Meta’s Oversight Board Invites Comments on Martyrs
Technology Policy Brief #83 | By: Mindy Spatt | April 20, 2023
Header photo taken from: reuters.com
[SSB theme=”Official” align=”center” counter=”true” ]
Meta’s Oversight Board has taken public comments on the way its platforms treat the Arabic word “Shaheed”, often deleting it from posts by posters Meta has deemed dangerous. Currently the most removed word on all of Meta’s platforms, critics claim the company’s standards for dangerous content are biased and unfair. The Oversight Board will issue and advisory opinion on the issue, which is attracting international attention.
Photo taken from: thehill.com
Meta requested the Board review itself. It treats the word as “an “honorific” with “multiple meanings” that is often “used to describe someone dying unexpectedly or prematurely, at times referring to an honorable death….” The word does not have an equivalent in English, so Meta translates it to mean martyr in all contexts.
The board that will decide the issue is an international panel of former political leaders, journalists and human rights activists based in London. You may remember that it played a role in Trump getting kicked off of Facebook in 2018, affirming leadership’s decision to remove him for violating company policies against inciting violence.
That decision generated outsize interest for an Oversight Board decision, receiving 9,666 public comments mostly from the United States and Canada. By comparison, the Board’s investigation into Meta’s decision to remove a video from Instagram showing the aftermath of a terrorist attack in Nigeria received just 9 comments. The original comment period for Shaheed was extended and ended on April 17.
This decision is framed by Meta’s equally controversial policies governing who Meta considers to fit into its Dangerous Individuals and Organizations categories. Takedowns of the word Shaheed are largely applied to individuals appearing on that Dangerous Individuals and Organizations list, many of whom are Arabic, and hence in the top tier of that multi-tiered list.
The list itself was secret until The Intercept published it in October 2021, and confirmed long held suspicions of anti- Muslim and anti-Arabic bias. Included in the top tier of the most terrifying terrorists are not only known the likes of Al Queda but also an innocuous sounding British aid organization, the Palestinian Relief and Development Fund. Intercept’s report contained comments from legal experts including Faiza Patel of the Brennan Center for Justice, who said “The lists seem to create two disparate systems, with the harshest penalties applied to heavily Muslim regions and communities.” In contrast, Patel pointed out, “Hate groups designated as Anti-Muslim hate groups by the Southern Poverty Law Center are overwhelmingly absent from Facebook’s lists.”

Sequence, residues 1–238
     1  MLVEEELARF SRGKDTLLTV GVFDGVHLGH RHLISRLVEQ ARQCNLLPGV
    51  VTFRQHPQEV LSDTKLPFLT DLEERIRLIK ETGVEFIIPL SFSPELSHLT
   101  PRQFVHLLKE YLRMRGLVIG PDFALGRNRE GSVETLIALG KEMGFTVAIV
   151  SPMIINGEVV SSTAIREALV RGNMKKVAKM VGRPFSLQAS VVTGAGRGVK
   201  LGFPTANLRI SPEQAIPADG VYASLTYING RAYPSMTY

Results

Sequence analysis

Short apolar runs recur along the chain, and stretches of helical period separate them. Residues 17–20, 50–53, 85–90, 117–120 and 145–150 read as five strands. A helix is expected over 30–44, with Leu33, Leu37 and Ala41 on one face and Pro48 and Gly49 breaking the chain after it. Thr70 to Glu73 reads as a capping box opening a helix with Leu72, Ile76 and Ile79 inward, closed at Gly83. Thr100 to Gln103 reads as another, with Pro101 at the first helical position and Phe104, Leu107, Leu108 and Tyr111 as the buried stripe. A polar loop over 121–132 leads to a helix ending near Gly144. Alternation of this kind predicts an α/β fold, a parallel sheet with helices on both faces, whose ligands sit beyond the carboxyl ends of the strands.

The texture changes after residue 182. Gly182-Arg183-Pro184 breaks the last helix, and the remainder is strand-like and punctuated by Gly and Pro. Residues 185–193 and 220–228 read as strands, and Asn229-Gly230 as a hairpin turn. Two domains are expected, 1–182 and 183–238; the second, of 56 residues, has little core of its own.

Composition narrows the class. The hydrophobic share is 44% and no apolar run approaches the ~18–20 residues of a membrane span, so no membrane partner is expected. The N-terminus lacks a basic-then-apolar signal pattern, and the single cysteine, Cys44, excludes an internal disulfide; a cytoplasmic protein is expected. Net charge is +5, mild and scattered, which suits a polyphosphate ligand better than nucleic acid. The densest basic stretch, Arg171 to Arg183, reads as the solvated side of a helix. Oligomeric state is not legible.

Photo taken from: aljazeera.com
According to Meta, it interprets “Shaheed” as martyr, and hence praiseful. Praise of Dangerous Individuals is prohibited by Meta’s policies. These policies have been harshly criticized by Palestinian journalists, whose posts are often deleted.
The Palestinian social media monitoring Centre Sada Social reported that 600 Palestinian accounts or pro-Palestinian Facebook posts were restricted or deleted in 2021, a record. It noted the targeting of the word Shaheed which Palestinians frequently use to describe people killed by Israeli forces, regardless of whether they participated in attacks or were innocent civilian victims. The punishment doesn’t end there; Meta keeps tracks of how many removals users amass, and if they accumulate too many their accounts may be disabled altogether.
Meta acknowledges that changes are needed, and has requested the Board’s approval for allowing expanded use of Shaheed. It proposes to remove content that uses “Shaheed” to refer to an individual designated as dangerous under Meta’s Dangerous Individuals and Organizations policy “only where there is additional praise, representation or support, or where there is a signal of violence.” The board, appointed by Meta, may be amenable to that change but will surely have other perspectives to consider.
Follow us for the latest US RENEW News!
Click or tap on resource URL to visit links where available
Register of Charities – The Charity Commission of England and Wales, PALESTINIANS RELIEF AND DEVELOPMENT FUND
Meta’s Oversight Board is considering discarding one of its most important language analysis tools in fighting terrorism on social media, by Tal-Or Cohen Montemayor, Jerusalem Post, APRIL 4, 2023
Revealed: Facebook’s Secret Blacklist of “Dangerous Individuals and Organizations”, by Sam Biddle, The Intercept, Oct. 12, 2021.